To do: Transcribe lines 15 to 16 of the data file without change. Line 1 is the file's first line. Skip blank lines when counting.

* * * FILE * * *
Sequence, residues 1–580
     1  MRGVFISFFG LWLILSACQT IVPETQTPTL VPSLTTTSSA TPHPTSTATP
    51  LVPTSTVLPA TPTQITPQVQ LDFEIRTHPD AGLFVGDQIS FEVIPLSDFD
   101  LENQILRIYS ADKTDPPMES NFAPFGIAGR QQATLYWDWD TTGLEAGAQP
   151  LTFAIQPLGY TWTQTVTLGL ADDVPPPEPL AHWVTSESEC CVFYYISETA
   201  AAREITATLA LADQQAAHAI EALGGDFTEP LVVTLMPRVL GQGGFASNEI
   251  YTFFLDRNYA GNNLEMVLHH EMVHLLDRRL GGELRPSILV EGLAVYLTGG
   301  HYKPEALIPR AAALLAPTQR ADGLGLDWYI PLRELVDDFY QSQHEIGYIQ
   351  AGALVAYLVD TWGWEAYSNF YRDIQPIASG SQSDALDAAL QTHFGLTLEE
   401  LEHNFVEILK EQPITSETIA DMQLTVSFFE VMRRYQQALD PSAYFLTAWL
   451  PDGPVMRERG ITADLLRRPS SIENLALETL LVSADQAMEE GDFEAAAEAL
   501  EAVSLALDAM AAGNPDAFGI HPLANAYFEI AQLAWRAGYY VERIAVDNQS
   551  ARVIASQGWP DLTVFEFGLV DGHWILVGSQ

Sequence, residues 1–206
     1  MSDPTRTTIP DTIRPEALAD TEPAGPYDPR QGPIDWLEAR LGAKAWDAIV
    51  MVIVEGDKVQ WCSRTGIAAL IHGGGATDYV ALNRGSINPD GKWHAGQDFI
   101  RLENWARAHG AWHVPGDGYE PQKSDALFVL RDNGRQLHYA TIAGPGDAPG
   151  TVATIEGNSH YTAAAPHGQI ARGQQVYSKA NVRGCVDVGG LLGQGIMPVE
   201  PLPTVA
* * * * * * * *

     1  MSDPTRTTIP DTIRPEALAD TEPAGPYDPR QGPIDWLEAR LGAKAWDAIV
    51  MVIVEGDKVQ WCSRTGIAAL IHGGGATDYV ALNRGSINPD GKWHAGQDFI